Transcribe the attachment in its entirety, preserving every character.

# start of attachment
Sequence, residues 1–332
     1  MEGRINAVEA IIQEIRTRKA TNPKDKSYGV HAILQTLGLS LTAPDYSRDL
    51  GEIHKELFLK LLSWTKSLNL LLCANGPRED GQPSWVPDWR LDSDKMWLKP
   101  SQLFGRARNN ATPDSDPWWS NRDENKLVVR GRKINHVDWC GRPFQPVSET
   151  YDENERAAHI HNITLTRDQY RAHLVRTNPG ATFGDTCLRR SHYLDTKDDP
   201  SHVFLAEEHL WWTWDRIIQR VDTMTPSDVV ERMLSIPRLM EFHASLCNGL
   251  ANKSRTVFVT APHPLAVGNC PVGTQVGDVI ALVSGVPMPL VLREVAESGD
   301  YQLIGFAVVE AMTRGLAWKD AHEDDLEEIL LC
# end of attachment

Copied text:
Sequence, residues 1–332
     1  MEGRINAVEA IIQEIRTRKA TNPKDKSYGV HAILQTLGLS LTAPDYSRDL
    51  GEIHKELFLK LLSWTKSLNL LLCANGPRED GQPSWVPDWR LDSDKMWLKP
   101  SQLFGRARNN ATPDSDPWWS NRDENKLVVR GRKINHVDWC GRPFQPVSET
   151  YDENERAAHI HNITLTRDQY RAHLVRTNPG ATFGDTCLRR SHYLDTKDDP
   201  SHVFLAEEHL WWTWDRIIQR VDTMTPSDVV ERMLSIPRLM EFHASLCNGL
   251  ANKSRTVFVT APHPLAVGNC PVGTQVGDVI ALVSGVPMPL VLREVAESGD
   301  YQLIGFAVVE AMTRGLAWKD AHEDDLEEIL LC